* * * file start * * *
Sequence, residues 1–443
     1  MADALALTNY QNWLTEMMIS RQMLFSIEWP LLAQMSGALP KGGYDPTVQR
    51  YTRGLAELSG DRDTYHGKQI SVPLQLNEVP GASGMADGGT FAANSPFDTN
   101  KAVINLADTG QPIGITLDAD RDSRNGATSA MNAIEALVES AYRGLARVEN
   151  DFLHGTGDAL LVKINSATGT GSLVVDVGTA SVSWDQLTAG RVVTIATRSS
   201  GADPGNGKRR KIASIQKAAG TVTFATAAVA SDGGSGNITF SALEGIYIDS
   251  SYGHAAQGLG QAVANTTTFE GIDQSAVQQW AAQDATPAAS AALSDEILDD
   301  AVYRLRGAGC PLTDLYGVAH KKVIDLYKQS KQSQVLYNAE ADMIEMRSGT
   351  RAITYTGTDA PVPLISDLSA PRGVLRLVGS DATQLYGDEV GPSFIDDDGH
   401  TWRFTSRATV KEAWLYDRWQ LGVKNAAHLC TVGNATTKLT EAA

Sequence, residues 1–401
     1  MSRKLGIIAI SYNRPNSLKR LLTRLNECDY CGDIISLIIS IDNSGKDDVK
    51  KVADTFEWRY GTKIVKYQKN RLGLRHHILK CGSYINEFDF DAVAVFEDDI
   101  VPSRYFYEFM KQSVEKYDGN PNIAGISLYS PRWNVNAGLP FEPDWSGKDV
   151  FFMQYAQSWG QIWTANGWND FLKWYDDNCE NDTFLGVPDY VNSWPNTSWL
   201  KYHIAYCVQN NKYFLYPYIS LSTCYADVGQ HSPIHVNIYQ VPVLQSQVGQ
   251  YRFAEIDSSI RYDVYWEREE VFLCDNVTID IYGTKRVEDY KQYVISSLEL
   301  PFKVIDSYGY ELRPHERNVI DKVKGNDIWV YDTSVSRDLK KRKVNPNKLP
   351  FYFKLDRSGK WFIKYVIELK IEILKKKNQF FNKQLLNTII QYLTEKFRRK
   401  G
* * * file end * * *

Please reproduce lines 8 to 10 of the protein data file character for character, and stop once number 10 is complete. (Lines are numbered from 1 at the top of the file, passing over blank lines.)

   301  AVYRLRGAGC PLTDLYGVAH KKVIDLYKQS KQSQVLYNAE ADMIEMRSGT
   351  RAITYTGTDA PVPLISDLSA PRGVLRLVGS DATQLYGDEV GPSFIDDDGH
   401  TWRFTSRATV KEAWLYDRWQ LGVKNAAHLC TVGNATTKLT EAA